Alexandra and Katherine resent me holding them accountable for their mishaps. I am not very good at sugar coating things. I call people out. I am quite good at backing someone into a corner and making that person feel completely offended and inadequate.

I finally have come to the realization this may help me feel better for a few moments, at the great expense of my relationship with the person subjected to my miserable argument. Like many of my BFO's (Blatant Flash of the Obvious), changing this dreadful practice of mine requires serious change on my part.

Dr. Phil is a well-educated, professional psychologist. Me: I think I know it all after my college psych 101 class!

Interestingly, I have always treated Nathan and Leilah very well. I am exceptionally careful of how I discipline and correct the children. I seek out successful parents and inquire about what they did to mold and create successful adults - including Dr. Phil and Robin. Their books are most helpful.

I have noticed one particular common denominator among successful parents - the parents are respectful of each other and value each others thoughts and contributions. Even when the parents don't agree on how to handle a particular situation, they do not argue about the issue in front of their children.

I think Alexandra and Katherine are occasionally resentful of how Marty and I care for Nathan and Leilah. Marty and I interact with Nathan and Leilah on a closer level than we did with Alexandra and Katherine when they were little girls.

Lastly, I think Alexandra is angry with me because she considers me a hypocrite. Fair enough on her part. I rationalize my choices: I am older, I have suffered more, paid my dues, and it is payback time. Erin, the great martyr. Uhmm, no. Glory!
I am sure many parents have heard their children complain one of their siblings is your favorite child because you do this and don't do that.  I love and treat both my daughters for who they are, as individuals, not as the same person.  What I do for one daughter may not be right for the other. My daughters, Alexandra and Katherine are certainly no different.  Alexandra and Katherine have rarely ever been in need of anything.  I find it most interesting whenever I am engaged with one daughter; the other becomes desperate for my attention. I must stop, drop and roll to her immediate need, if not, then, obviously, I love the other daughter more than her.   I hope they can see this when they are older. I certainly hope Alexandra can see this now, as she is supposed to be raising two children herself.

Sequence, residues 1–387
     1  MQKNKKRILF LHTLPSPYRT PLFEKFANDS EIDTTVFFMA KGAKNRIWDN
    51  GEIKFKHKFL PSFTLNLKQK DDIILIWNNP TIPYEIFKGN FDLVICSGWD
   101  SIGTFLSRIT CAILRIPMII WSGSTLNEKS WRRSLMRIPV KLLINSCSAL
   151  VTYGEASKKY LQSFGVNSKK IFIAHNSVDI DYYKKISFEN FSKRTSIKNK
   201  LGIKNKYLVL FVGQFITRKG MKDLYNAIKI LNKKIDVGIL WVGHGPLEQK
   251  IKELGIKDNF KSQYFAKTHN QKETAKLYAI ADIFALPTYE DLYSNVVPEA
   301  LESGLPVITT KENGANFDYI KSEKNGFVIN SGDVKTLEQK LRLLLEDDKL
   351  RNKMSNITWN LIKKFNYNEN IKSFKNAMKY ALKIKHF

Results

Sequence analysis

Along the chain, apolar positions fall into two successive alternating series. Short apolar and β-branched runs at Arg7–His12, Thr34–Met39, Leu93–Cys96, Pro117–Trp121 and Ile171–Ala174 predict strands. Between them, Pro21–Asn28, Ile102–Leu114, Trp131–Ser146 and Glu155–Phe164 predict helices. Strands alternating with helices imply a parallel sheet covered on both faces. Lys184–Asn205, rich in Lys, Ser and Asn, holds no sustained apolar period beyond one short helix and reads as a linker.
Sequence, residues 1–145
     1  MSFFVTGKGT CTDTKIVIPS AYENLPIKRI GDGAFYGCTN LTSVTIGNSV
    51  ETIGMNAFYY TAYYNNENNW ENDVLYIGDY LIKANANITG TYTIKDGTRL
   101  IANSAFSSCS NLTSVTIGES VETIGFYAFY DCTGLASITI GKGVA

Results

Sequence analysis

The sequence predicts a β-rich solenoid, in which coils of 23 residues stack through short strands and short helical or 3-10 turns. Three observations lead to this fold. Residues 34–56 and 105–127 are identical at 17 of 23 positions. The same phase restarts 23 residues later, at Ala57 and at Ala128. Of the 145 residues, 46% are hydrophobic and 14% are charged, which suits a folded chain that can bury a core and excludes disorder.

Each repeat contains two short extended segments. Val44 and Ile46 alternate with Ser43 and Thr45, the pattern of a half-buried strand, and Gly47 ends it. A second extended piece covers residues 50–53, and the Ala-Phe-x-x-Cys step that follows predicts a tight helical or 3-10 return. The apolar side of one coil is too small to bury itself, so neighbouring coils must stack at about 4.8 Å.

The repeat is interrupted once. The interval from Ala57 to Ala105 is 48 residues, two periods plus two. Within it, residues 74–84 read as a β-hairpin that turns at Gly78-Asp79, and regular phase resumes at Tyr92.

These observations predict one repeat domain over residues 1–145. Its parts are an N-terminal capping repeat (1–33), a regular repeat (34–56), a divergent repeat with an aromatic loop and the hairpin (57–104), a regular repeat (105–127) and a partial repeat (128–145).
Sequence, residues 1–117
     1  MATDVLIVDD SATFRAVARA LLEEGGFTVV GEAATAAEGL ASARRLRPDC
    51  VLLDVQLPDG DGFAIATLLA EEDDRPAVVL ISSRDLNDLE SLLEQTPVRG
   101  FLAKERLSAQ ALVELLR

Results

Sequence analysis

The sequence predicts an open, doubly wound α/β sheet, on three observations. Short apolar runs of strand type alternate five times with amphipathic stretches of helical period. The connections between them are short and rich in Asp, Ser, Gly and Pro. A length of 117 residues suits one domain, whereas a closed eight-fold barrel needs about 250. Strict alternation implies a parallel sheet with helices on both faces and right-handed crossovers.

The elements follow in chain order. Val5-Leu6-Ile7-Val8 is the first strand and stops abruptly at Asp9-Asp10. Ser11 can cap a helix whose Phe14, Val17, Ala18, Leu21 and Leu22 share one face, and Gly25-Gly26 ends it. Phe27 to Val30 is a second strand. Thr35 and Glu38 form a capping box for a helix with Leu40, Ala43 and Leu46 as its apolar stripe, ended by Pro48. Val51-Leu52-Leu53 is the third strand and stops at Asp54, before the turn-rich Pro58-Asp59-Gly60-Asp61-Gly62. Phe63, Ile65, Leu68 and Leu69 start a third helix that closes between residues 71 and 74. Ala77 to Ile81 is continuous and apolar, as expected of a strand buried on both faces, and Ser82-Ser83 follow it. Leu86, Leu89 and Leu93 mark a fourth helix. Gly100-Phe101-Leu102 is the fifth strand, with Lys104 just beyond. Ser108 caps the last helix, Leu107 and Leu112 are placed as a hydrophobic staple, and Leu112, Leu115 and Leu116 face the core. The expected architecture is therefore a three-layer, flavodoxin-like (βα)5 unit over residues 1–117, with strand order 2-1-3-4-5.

I love Alexandra very much. I am disheartened to hear she thinks I do not love her. Perhaps this is her way of trying to get my attention. Occasionally, I find this thought of hers very interesting. Alexandra must have no idea that so much of my time, energy and money (two pregnancies, one pre-term labor, boyfriends, cars, and a wedding, etc.) are given to her was because I love her. Nathan has lived with Marty and I most of his six-year-old life. Leilah also lives with us now. I suppose, caring for Alexandra's children does not count as my loving her...

This brings me to my real concerns. Alexandra is quite focused on negative comments and the irrelevant: what I think about Tony, I do not like where she lives, or that I love Katherine more than her. Better yet, I am more concerned about her children, Nathan and Leilah, than I am about her. I feel frustrated when Alexandra throws out all these ridiculous accusations.  She is trying to divert attention from the true problems by focusing on petty, unimportant issues.

Let me be very clear about Alexandra's boyfriend, Tony: NO, I do not like him. I think he is uneducated, and unemployed. I think he is insolent, self-centered and lacks ambition, at almost 24 years old; he owns absolutely nothing - not a phone, or even a vehicle.

I made so many mistakes raising Alexandra and Katherine. I feel very guilty about their issues as adults that are a direct result of my poor parenting.

Dr. Phil helped me realize how important it is to articulate my feelings, rather than lash out in anger, making character assassinations, so I can feel better for 30 seconds.

I want Alexandra to learn these things now. The expense of waiting is too high for her children.
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